ReadCommented by André Will-Laudien on September 28th, 2021 | 12:56 CEST
Standard Lithium, Defense Metals, Orocobre, Millennial Lithium: Separating the wheat from the chaff!
Lithium has become one of the most important metals in electromobility. Where all this lithium will come from is critical, as the logic behind electromobility is to generate more sustainable technologies. For more climate protection, mining companies must also fit into a sustainable concept. Lithium extraction should therefore follow high environmental standards and take place in an appropriate economic and social context. But beware: the overall market has recently stopped following every battle cry. Separating the wheat from the chaff is becoming a portfolio challenge!
ReadCommented by Fabian Lorenz on September 23rd, 2021 | 12:29 CEST
After the significant setback on Monday, the stock markets are looking for a direction. Individual stocks have held up well in recent days. Among these is Nel. The hydrogen specialist was even able to gain on Monday. That was not the case with BYD, but the shares of the Chinese car manufacturer are holding up surprisingly well given the crisis surrounding the Evergrande real estate group and the regulatory fury of the Chinese government. In addition, there are positive reports from the Company. Defense Metals also has positive news to report. Initial drilling results exceed expectations. All three shares are benefiting from the trend towards alternative drives.
ReadCommented by Armin Schulz on September 15th, 2021 | 14:03 CEST
Rare earths are found in almost all new technologies such as smartphones, e-cars, etc. The leading supplier is China. Rare earths occur more often than one might think, but mining them is rarely economically profitable. Thus, China has a kind of monopoly position. With the trade dispute between the US and China brewing, more people realize that Western countries should seek alternative access to rare earths. If China limits exports, it would quickly lead to shortages. Accumulators or batteries would soon become scarce. Due to sustainability issues, the increased demand can already be seen in the increased prices for rare earths.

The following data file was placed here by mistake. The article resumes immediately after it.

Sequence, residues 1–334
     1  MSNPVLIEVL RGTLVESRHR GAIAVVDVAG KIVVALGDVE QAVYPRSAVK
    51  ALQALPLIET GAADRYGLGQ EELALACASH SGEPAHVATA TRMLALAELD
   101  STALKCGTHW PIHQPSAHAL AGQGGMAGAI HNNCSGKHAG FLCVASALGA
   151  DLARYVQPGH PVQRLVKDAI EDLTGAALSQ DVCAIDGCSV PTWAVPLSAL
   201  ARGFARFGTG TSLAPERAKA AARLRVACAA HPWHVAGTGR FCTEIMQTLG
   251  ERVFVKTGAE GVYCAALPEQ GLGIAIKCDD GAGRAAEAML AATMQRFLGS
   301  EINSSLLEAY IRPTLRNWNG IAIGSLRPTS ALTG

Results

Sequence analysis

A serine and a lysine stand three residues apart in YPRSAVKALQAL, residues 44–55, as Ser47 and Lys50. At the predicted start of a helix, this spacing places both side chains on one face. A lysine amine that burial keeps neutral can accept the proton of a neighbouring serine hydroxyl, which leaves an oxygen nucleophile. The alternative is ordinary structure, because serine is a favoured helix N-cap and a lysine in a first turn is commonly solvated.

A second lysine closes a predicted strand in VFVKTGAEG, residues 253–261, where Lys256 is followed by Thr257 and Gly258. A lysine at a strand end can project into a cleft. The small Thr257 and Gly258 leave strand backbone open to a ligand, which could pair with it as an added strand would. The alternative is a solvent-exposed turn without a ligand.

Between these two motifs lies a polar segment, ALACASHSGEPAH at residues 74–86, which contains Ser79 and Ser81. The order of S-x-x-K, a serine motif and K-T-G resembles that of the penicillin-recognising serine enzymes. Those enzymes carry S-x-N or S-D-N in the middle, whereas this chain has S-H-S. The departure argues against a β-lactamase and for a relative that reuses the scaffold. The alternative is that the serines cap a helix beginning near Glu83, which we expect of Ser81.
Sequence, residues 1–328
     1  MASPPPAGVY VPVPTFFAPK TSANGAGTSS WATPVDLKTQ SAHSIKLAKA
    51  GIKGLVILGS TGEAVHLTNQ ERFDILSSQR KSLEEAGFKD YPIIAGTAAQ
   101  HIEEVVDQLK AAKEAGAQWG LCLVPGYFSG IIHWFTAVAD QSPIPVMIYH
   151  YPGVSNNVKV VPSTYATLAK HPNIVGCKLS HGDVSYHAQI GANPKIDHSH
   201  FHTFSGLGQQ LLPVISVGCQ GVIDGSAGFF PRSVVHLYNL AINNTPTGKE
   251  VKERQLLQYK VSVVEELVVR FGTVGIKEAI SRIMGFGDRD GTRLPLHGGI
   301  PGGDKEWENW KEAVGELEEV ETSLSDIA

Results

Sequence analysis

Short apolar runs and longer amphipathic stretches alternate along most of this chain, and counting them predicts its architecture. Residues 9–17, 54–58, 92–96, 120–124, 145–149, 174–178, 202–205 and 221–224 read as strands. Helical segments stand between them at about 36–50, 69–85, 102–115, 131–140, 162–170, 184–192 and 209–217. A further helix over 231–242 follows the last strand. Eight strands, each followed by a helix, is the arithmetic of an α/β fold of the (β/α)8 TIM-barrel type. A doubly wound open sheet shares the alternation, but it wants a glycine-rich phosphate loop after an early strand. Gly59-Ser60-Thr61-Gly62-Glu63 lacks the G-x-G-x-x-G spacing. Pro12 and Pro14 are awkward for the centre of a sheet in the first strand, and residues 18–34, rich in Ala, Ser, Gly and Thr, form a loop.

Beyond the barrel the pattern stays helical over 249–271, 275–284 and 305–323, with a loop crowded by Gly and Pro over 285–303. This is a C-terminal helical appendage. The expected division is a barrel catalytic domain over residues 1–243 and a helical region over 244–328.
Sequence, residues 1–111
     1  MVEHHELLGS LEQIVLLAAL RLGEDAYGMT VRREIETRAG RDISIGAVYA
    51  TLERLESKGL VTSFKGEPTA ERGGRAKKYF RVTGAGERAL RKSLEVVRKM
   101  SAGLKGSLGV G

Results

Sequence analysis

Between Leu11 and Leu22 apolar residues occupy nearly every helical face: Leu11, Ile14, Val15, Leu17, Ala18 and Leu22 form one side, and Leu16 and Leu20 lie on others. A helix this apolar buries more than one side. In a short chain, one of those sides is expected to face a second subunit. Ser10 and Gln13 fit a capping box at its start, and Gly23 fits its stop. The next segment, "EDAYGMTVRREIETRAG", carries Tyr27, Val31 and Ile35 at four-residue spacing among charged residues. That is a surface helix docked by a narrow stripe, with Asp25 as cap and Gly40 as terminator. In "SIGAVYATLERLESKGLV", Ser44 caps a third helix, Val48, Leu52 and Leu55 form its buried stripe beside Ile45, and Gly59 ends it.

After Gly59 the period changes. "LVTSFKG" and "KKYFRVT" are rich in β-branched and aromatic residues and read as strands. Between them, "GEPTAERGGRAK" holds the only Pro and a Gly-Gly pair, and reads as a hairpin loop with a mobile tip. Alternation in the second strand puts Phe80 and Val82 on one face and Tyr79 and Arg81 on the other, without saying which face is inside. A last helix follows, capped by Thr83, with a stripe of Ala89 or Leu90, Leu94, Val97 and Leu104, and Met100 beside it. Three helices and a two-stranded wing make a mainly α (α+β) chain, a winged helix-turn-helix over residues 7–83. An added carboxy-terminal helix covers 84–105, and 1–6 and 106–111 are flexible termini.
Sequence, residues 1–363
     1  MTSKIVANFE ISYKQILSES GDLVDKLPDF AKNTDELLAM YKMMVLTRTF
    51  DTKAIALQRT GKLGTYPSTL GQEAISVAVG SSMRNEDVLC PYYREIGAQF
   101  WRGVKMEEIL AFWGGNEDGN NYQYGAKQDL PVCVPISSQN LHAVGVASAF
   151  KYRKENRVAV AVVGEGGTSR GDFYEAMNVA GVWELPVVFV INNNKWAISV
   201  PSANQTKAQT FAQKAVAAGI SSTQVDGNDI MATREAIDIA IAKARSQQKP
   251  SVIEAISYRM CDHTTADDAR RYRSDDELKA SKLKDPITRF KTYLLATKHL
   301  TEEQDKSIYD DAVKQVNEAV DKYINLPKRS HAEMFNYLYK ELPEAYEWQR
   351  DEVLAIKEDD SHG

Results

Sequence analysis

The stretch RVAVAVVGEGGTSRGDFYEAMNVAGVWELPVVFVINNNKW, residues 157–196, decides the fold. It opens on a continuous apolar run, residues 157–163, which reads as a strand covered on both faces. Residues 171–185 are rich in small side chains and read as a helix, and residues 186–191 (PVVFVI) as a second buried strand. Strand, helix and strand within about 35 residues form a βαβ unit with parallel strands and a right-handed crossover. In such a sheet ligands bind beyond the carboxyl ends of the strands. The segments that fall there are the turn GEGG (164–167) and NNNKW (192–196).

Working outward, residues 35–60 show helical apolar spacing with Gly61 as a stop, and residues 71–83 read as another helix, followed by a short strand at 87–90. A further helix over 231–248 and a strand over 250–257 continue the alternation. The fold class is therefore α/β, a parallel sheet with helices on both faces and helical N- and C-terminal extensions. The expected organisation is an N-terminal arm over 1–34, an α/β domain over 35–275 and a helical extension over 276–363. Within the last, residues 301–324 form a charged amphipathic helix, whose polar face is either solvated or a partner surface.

ReadCommented by Carsten Mainitz on September 6th, 2021 | 10:44 CEST
Rising corporate profits are an understandable driver for higher share prices. Therefore, positioning with stocks in sectors or with business models that benefit from long-term (mega) trends is a smart move. Renewable energies, electromobility, various areas of technology and rare earths are fields that will continue to grow significantly in the medium term. With the shares presented, you can profit from this.
ReadCommented by Stefan Feulner on September 3rd, 2021 | 10:39 CEST
The German parliamentary elections are on September 26. Climate protection is at the center of most political parties' election programs. The Greens are going out on a limb, aiming to achieve CO2 neutrality as early as 2035. However, it seems more than questionable whether these ambitious promises can actually be put into practice. The scarcity of raw materials such as copper, lithium and rare earth metals means a wide gap between aspiration and reality.